Of course differences in convective solute transport are obtained, for example, in high-flux dialysis, where just internal filtration occurs, as compared to hemodiafiltration, where higher rates of fluid exchange are applied and clearances of middle molecules, such as â2-microglobulin, are about 4-fold higher than in the former treatment (13).
Some observational studies reported an improved survival in patients using high-flux membranes, compared to low-flux (14-16), supporting beneficial effects that have still to be confirmed in larger, prospective, randomized trials.
It has to be considered that effects of flux may also be jeopardized by residual renal function, still present in some patients at the beginning of dialysis treatment.
Convective treatments (such as high-flux hemodialysis, hemofiltration and hemodiafiltration) had been demonstrated to offer some clinical advantages in terms of physiological outcomes in epidemiological studies (17-20), but they are still not convincing in improving major end-points, such as morbidity and mortality, in comparison with standard hemodialysis. Furthermore, it is very difficult to split the effect of convection per se to those peculiar to membrane biocompatibility, since convective treatments are performed mainly with synthetic, biocompatible membranes that are able to hamper the inflammatory response triggered by the contact between blood and artificial surfaces.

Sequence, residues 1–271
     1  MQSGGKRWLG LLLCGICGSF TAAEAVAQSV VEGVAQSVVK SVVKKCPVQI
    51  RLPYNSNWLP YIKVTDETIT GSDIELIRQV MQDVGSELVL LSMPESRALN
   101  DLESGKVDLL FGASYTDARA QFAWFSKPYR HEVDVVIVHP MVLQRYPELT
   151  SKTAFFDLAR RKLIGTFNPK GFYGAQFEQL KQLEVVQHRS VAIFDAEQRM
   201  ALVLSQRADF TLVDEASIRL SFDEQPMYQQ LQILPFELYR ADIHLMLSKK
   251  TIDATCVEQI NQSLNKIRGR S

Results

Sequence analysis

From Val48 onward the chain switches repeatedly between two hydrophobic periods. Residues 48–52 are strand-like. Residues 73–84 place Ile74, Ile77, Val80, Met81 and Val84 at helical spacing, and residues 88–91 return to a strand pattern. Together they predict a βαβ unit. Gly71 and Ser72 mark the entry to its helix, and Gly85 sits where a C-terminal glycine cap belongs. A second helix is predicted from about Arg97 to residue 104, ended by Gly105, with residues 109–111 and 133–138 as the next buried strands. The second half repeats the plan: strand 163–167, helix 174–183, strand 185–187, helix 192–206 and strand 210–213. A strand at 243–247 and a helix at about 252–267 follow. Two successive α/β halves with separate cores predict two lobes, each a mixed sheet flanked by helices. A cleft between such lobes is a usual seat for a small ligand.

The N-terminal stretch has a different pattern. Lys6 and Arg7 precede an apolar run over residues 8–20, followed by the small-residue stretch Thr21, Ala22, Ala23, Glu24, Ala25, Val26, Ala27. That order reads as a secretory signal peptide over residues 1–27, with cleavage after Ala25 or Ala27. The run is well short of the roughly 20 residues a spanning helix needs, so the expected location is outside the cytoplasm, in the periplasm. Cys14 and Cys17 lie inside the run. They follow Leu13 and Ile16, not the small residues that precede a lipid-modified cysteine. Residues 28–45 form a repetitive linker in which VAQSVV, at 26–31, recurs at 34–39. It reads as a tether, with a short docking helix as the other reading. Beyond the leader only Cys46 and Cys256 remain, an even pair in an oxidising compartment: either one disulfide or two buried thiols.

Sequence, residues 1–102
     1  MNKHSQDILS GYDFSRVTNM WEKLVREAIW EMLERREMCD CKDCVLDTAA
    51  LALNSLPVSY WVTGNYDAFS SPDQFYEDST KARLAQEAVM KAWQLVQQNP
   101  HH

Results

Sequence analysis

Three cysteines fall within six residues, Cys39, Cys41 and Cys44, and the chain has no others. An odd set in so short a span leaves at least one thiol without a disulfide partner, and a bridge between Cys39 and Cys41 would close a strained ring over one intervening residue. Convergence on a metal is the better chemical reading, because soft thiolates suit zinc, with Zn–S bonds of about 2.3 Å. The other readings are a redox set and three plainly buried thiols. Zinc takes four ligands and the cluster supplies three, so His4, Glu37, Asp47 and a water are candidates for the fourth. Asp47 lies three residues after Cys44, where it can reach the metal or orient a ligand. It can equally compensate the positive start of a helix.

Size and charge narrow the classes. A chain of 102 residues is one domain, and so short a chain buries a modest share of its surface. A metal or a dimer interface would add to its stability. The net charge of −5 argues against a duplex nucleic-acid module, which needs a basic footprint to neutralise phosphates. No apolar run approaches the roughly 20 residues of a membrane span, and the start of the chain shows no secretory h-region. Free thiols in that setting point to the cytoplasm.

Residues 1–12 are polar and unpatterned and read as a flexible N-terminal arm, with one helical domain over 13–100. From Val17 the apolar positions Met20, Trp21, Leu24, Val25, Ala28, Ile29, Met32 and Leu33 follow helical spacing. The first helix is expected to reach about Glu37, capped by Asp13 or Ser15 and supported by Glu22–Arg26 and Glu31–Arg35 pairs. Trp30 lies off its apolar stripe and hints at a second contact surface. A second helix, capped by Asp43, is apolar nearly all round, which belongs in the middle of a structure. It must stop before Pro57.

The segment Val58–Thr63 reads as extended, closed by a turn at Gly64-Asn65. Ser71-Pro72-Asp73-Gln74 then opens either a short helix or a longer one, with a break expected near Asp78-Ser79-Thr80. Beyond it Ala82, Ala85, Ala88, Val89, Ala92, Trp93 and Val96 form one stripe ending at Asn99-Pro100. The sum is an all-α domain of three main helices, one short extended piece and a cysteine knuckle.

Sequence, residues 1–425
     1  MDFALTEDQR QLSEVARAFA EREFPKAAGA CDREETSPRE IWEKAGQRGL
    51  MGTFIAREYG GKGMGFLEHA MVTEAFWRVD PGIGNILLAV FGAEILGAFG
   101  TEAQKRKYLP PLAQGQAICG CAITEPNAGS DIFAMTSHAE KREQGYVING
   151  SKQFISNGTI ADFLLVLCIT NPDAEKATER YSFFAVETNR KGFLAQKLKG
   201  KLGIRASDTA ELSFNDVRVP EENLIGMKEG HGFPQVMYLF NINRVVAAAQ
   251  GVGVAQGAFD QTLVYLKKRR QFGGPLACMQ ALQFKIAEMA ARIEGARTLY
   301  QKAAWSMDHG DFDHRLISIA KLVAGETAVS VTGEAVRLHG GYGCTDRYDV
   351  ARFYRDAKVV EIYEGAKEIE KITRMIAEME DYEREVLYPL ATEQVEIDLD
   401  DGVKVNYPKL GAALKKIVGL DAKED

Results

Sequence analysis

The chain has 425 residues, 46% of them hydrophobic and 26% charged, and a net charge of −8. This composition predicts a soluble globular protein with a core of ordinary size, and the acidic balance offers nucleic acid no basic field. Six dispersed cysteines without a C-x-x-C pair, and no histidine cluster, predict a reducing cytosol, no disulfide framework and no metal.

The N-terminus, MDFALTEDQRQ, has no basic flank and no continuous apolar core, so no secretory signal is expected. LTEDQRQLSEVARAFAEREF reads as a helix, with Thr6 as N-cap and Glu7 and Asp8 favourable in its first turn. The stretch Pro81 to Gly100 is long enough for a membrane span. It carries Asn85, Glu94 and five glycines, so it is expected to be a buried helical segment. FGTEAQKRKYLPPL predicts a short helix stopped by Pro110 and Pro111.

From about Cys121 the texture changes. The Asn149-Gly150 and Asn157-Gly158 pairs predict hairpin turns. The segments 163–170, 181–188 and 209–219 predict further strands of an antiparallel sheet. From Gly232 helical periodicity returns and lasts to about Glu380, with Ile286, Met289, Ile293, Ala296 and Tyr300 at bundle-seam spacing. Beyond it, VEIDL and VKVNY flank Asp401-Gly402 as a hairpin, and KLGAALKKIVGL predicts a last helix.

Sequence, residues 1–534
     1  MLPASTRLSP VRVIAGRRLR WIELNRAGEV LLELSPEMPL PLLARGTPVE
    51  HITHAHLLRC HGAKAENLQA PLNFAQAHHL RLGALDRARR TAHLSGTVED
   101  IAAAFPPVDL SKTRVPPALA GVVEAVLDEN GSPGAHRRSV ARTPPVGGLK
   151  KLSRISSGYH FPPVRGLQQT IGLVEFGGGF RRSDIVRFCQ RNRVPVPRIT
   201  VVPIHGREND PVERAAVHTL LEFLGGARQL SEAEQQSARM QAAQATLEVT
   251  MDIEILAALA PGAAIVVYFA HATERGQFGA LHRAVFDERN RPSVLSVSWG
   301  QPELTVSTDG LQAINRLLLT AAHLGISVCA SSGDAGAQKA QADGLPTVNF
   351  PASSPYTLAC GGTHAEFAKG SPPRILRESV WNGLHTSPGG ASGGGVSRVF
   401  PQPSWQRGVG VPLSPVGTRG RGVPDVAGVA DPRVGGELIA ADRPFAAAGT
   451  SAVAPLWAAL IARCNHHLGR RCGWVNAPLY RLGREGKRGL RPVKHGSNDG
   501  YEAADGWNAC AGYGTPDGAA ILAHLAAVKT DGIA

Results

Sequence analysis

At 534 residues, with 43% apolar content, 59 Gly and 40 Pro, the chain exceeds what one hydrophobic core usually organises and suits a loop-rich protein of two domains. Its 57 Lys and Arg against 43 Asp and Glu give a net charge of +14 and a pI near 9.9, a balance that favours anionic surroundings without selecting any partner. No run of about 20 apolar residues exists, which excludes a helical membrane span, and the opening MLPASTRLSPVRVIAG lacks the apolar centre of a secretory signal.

Indeed another issue that contributes to this very complex scenario is the availability of ultrapure dialysate which, in turn, may mask some of the advantages attributed to convection, reducing the inflammatory stimuli coming from the dialysate in conventional dialysis (21).